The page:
The measurements you set up can vary from number of outstanding integration backlog items, to the number of API’s consumers, to the average delivery time for product MVP, and more.

But If the capabilities delivered are not meeting the value-add indicators defined by your API strategy, this means one of two things:

  1. You’re not completely successful or effective in terms of the digitals assets you are trying to deliver; there are improvements that could be made.
  2. OR it actually means the API Strategy is not really reflecting what the business wants to achieve and so that needs to be revisited and course corrected.

So if you are not measuring against these kinds of objectives how can you be sure you’re really delivering effectively or not leaving untapped value on the table?

The measurement aspect effectively allows you to benchmark the API connectivity platform and act as a roadmap to progress, identifying those areas in need of improvement!

Let me leave you with some final thoughts:

  • If you’re already operating an API led connectivity platform and creating digital assets, how is that working out for you based on the insights I’ve shared.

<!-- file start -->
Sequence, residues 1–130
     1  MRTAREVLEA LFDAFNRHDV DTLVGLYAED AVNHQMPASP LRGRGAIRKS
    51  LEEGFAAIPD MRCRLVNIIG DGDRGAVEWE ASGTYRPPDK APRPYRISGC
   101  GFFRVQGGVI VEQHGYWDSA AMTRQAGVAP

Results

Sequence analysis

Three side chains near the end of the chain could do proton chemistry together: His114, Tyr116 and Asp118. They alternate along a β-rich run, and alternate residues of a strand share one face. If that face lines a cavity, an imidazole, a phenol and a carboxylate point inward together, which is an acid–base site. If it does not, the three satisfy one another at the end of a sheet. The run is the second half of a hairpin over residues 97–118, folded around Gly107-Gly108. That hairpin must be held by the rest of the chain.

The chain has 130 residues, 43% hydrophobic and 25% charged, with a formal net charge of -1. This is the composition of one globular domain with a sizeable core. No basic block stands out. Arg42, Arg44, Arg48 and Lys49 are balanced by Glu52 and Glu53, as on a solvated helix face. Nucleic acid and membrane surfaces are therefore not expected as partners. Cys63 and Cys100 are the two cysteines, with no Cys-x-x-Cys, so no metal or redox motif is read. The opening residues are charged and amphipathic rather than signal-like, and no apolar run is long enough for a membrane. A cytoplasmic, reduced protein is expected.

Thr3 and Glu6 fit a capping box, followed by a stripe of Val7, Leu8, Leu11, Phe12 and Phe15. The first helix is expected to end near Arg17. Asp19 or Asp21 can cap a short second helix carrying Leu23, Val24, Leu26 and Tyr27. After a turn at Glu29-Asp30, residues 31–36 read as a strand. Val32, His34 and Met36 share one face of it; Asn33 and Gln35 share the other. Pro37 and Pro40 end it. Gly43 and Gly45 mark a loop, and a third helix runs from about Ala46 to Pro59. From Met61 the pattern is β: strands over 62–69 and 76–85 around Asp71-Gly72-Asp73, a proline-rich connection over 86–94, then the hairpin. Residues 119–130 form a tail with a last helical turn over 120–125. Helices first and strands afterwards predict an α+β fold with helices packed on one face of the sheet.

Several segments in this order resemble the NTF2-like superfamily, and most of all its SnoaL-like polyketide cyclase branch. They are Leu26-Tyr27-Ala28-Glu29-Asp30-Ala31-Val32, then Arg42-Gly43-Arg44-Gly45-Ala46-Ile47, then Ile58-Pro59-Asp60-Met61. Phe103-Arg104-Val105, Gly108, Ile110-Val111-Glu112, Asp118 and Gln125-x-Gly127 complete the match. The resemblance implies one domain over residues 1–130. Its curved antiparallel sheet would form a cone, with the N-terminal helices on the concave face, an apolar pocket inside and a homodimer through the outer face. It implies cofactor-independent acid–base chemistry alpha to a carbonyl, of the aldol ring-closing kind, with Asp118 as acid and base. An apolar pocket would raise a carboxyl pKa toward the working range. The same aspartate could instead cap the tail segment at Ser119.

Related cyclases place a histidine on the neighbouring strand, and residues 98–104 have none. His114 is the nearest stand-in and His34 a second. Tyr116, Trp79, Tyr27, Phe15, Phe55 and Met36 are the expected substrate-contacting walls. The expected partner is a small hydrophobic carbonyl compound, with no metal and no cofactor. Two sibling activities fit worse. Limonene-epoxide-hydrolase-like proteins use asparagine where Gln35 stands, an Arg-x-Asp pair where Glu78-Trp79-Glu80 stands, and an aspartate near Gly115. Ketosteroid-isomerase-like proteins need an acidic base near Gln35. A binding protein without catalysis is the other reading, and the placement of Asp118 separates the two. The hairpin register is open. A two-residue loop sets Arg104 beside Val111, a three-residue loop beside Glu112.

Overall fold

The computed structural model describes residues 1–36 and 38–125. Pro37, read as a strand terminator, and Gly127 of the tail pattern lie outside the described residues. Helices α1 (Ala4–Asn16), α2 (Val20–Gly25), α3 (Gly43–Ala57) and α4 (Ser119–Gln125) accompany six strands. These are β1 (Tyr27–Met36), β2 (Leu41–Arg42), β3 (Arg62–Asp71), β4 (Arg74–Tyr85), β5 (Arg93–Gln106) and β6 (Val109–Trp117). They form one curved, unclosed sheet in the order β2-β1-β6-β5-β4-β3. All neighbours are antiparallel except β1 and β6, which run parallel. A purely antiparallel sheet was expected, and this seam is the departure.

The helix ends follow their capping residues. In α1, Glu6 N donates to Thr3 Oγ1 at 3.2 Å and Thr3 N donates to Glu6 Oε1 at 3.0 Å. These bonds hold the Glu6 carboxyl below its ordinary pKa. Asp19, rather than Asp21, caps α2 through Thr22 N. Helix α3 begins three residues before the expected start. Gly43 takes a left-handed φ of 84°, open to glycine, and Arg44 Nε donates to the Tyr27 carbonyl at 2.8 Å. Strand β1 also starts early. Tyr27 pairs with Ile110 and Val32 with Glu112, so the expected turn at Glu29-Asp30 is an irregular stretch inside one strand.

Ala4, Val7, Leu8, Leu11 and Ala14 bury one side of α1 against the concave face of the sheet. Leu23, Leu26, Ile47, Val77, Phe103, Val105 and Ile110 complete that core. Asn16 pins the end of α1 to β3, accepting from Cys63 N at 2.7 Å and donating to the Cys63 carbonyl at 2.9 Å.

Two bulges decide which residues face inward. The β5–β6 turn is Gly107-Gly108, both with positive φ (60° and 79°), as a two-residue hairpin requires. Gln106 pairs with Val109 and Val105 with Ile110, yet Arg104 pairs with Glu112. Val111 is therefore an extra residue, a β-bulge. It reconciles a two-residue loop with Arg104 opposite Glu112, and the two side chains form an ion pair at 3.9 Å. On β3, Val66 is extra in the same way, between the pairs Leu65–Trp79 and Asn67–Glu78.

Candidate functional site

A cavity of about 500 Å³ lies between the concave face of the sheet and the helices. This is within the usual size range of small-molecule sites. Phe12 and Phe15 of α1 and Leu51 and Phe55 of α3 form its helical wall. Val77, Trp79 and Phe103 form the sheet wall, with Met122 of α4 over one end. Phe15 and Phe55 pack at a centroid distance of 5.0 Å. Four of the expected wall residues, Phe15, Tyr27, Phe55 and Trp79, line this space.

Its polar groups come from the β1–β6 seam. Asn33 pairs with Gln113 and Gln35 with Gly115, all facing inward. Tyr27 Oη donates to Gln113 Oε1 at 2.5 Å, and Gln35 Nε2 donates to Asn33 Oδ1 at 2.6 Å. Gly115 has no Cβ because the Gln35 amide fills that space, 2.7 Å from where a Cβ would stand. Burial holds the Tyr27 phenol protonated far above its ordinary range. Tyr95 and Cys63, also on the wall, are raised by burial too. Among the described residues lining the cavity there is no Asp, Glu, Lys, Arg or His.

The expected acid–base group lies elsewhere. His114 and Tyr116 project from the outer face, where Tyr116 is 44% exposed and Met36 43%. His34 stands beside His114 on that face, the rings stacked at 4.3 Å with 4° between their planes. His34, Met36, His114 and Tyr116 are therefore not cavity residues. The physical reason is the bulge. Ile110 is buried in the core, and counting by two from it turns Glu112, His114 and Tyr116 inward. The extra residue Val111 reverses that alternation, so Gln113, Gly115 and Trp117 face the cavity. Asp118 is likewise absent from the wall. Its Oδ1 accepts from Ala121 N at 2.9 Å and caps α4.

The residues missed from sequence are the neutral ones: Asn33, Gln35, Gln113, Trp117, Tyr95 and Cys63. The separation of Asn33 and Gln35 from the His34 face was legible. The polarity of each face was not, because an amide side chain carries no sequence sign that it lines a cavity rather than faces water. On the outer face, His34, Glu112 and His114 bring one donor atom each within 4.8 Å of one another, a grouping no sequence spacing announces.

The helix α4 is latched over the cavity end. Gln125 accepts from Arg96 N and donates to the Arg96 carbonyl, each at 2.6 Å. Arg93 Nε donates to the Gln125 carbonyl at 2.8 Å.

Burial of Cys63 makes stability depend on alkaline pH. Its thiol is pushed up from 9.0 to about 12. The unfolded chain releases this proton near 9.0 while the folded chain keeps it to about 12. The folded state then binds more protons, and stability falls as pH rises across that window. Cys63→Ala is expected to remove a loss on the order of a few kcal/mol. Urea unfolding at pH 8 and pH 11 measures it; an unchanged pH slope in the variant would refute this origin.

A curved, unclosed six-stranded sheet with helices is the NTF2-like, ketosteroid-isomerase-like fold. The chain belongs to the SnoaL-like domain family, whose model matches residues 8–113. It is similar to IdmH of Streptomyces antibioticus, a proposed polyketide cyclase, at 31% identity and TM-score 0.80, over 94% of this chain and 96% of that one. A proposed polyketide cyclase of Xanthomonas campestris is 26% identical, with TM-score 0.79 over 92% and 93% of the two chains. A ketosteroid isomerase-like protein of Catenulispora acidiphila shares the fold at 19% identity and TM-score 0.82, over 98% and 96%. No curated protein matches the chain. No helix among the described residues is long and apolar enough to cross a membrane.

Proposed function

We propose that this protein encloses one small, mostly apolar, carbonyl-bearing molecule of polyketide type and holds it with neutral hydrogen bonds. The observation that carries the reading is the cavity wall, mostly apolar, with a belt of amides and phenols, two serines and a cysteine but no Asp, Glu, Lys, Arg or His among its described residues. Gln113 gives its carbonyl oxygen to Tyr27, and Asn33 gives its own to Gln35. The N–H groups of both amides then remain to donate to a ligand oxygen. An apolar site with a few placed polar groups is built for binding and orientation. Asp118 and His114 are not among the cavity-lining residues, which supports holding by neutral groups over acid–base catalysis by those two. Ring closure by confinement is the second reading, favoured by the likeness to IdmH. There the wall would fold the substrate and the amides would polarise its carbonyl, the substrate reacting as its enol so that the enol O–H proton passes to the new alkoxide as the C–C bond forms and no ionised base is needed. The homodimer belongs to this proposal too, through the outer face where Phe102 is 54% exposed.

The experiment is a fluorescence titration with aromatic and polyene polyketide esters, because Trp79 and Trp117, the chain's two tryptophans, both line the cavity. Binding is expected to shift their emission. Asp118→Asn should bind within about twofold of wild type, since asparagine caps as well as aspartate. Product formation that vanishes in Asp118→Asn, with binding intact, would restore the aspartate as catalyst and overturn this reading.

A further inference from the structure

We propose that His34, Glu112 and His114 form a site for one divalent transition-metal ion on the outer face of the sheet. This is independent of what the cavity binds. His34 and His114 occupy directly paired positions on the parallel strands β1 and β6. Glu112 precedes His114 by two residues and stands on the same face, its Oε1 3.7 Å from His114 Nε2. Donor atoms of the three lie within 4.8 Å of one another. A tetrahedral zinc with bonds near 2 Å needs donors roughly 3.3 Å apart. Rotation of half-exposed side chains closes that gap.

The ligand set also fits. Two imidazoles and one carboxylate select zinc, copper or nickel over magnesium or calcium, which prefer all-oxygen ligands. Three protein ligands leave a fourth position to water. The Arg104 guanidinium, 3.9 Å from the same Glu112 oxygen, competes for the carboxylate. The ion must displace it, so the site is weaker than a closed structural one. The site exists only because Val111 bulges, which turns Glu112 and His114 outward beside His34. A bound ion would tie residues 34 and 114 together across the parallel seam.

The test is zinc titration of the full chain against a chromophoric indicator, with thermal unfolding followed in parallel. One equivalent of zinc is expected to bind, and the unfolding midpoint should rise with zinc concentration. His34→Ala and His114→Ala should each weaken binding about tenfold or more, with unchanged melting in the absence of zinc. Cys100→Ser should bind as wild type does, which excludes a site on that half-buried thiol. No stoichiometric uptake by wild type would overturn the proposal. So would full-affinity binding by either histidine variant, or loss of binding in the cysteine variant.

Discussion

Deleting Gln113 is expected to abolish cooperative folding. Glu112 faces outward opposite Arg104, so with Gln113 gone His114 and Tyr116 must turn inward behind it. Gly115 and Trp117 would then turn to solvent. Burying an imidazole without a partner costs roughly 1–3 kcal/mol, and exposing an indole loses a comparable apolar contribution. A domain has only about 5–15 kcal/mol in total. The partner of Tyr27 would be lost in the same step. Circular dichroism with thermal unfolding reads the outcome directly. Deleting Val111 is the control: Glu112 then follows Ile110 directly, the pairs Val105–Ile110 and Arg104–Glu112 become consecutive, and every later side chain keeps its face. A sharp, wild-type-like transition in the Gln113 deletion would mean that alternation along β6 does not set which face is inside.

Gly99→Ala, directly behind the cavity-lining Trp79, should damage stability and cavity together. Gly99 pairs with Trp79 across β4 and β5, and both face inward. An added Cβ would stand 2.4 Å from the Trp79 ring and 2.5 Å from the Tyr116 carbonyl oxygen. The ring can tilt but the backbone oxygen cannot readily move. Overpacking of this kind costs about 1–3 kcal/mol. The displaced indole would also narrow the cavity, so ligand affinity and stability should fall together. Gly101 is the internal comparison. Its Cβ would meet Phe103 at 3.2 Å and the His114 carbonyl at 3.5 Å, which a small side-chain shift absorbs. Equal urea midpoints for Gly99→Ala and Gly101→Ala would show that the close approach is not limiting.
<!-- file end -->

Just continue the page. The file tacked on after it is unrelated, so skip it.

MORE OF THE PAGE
• Where should you focus and what should you put in place to achieve greater value on the assets you’re implementing?
  • And If you’re just starting an API led connectivity journey, how might you address some of the ‘gotchas’ highlighted? What are the key value propositions you could install on day one to drive the right degree of adoption and culture?

If you would like to learn more about Digital Assets and how they can create value for your business, I invite you to join our  webinar that is now available on demand:

Digital Assets, Creating Value?

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Ricston Ltd.
Triq G.F. Agius De Soldanis,
Birkirkara, BKR 4850,
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UK: +44 (0)2071935107